The human spirit is amazing! Before I go into it though, can we admit that hospitals are far from a fun place to be! No patient is there willingly, or at least none that I came across. I spent 5 days in the hospital, there were further complications and it will take me a long time to recover from having been cut open. But this post is about our beautiful spirits.
In my ward, I was surrounded by amazing women who were all trying their best to recover from the various surgeries they’d had in a very emotionally charged environment. A woman next to me who worked in the arts had had to come in for an emergency pain in her abdomen and needed an operation with the result being a stoma. She wouldn’t be able to continue the tour she’d been on and as with theatre jobs, if you weren’t working, you weren’t getting paid. She showed me her ‘Frankenstein’ scar as she called it, it ran across her stomach horizontally and was held together with staples. She was concerned that she may not have a belly button anymore, but we joked that they were only really good for collecting lint.
The other side of me was a lady who’d undergone numerous operations and they were still unsure of how to alleviate her pain. Having spent two weeks already in the hospital, she had arranged for her son to take her home. That plan was thwarted when the doctors came in to say that they would be able to perform the other surgery in a few days. Bittersweet news and I could understand the mix of emotions as she wept with both exhaustion, hope, disappointment and relief.
The other two in my 5 person ward have stories that are a bit too personal, they are not for me to share. So, it’s easy to see how one could have easily fallen into a pit of despair surrounded by so much pain. This however wasn’t going to happen on my watch. I suffer from the Wounded Healer syndrome, and as much as I have been complaining about my symptoms, I believe in the power of positivity and communication. Each one of us had a story to share, but rather than dwelling, we took the piss out of each other. We joked about our problems with gallows humour instead of lying there in silence. I asked each person to speak their truth, get angry about their condition and moan it out. I encouraged open crying suggesting that the tears being shed weren’t ugly and snotty enough because this was a safe space for us and none of us was alone. Then came the roars. We roared like lionesses. It was quiet at first, but after a few attempts, we got louder. We roared enough for a few nurses to come in wondering what on earth was happening in our ward.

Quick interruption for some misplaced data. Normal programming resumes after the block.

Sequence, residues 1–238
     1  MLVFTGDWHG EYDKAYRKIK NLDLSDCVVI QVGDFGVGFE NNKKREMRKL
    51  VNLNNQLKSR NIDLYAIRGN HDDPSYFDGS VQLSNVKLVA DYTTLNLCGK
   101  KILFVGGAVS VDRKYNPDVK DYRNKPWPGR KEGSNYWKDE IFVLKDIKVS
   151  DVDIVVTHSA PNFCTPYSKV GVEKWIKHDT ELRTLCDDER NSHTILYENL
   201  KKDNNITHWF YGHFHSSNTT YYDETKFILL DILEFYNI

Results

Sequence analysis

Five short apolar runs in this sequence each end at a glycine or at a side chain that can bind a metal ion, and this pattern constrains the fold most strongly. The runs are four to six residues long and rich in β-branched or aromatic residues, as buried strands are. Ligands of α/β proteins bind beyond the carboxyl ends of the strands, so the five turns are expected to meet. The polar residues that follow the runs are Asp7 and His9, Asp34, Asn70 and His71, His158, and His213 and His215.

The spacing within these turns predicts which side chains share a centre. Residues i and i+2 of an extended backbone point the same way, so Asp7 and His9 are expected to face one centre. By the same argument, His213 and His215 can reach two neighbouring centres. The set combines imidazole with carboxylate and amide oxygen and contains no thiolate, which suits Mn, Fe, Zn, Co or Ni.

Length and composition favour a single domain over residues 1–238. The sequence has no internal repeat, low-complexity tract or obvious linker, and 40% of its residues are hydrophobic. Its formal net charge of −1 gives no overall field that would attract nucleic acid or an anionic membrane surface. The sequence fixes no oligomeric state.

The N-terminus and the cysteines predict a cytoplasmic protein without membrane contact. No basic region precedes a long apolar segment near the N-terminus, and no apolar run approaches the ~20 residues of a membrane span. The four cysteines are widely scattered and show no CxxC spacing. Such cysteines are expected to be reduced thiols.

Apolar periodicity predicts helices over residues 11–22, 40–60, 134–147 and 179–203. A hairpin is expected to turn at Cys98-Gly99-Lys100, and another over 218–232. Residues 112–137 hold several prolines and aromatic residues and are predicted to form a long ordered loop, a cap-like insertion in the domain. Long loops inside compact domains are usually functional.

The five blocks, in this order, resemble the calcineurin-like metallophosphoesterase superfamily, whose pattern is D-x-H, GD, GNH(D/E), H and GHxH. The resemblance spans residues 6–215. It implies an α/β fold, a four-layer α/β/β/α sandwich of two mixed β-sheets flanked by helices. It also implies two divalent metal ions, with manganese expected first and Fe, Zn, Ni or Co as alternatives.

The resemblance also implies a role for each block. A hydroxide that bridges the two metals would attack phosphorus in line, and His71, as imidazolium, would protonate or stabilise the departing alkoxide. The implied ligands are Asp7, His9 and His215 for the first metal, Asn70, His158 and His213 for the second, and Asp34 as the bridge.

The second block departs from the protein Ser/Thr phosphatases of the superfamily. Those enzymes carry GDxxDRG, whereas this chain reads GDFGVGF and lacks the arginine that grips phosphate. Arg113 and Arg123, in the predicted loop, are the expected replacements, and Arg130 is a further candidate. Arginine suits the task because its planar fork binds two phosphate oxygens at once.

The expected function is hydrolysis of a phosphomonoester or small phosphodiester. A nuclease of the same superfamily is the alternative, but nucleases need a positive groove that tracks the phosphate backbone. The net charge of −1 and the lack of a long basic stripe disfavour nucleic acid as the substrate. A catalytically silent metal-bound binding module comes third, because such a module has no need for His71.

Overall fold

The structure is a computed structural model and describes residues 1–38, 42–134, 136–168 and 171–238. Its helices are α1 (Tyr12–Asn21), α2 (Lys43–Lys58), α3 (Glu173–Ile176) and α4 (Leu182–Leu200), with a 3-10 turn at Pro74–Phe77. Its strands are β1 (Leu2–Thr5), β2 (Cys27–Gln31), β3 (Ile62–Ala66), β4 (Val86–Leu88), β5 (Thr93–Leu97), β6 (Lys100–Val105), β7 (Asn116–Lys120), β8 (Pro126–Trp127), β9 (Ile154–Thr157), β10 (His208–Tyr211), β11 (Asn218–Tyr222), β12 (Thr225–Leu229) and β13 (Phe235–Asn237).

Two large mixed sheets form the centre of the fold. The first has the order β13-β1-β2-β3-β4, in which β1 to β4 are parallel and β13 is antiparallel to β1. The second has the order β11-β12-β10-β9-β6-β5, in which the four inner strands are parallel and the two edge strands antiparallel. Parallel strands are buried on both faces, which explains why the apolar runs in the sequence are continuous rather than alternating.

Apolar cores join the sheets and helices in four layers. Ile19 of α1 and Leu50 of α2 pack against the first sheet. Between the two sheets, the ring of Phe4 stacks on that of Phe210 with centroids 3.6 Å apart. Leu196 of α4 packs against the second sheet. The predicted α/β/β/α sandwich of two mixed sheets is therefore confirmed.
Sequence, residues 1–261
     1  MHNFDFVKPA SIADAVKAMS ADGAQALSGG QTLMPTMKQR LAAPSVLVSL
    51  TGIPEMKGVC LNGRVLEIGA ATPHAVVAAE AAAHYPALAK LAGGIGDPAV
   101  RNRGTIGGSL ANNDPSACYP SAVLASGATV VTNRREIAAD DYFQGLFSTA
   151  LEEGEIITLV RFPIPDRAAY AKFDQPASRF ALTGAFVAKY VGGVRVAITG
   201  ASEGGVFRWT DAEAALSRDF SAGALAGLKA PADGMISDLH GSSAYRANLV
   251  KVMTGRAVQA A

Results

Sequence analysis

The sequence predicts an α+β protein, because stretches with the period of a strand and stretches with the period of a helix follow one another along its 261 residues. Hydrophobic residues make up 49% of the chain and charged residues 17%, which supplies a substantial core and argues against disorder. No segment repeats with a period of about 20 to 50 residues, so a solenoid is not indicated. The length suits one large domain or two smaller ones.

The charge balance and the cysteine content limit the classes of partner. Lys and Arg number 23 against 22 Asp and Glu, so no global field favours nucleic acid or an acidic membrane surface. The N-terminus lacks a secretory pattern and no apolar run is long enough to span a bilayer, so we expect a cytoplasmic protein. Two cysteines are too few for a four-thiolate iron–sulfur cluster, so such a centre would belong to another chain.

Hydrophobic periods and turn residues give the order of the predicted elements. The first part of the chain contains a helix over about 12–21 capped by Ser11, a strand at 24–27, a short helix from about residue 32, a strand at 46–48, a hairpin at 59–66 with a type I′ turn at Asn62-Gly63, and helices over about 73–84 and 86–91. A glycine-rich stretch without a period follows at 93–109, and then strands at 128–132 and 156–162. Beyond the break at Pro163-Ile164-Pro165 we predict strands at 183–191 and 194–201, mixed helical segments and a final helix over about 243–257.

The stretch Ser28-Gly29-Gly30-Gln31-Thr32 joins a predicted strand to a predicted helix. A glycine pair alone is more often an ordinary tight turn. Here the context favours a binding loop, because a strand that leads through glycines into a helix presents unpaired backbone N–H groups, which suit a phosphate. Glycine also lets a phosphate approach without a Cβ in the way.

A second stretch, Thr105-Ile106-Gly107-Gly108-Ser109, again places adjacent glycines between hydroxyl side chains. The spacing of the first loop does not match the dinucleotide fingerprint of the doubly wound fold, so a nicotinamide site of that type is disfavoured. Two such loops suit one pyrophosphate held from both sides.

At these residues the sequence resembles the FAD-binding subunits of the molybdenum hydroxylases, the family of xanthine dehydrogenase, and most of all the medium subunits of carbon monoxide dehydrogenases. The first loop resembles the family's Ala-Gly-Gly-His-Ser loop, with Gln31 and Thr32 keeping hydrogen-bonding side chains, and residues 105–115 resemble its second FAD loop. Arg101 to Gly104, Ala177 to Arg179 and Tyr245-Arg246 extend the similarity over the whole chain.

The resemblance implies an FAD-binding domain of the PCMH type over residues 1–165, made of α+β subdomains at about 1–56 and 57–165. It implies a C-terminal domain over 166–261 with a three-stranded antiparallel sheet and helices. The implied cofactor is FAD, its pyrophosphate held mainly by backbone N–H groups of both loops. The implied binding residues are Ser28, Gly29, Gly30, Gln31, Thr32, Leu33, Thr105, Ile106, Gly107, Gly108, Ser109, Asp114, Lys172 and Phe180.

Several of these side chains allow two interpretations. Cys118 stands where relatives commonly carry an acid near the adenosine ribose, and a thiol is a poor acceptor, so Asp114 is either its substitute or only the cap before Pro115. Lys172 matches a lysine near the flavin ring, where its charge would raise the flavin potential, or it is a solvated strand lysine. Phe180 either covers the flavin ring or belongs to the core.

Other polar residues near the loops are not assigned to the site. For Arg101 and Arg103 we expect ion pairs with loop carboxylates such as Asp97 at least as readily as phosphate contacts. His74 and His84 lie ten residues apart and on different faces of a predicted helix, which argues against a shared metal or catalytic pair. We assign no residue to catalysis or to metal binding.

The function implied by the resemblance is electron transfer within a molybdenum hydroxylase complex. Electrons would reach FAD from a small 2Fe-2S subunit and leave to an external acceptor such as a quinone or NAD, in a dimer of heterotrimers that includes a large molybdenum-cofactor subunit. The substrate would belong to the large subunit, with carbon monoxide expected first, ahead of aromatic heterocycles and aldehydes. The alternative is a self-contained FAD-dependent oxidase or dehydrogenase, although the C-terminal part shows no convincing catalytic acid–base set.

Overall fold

It was liberating and it brought me joy. I got these women to roar! We wouldn’t suffer in silence, nor would we bottle our emotions up because we had each other. Every time one of us achieved a longer-than-average activity, the others would cheer at them, clap, and congratulate each other on every small feat achieved. When things were bad, a roar was emitted and we would roar back in solidarity. I left the hospital impressed by all that the women had gone through, but mostly yet again impressed by the human spirit.
We really can be beautiful!
This really is an uplifting story, I agree that we need to support each other in times like these and really be a help to one another.
There is already enough hate to go around, let’s give each other something to smile about and learn from the bad things that happen.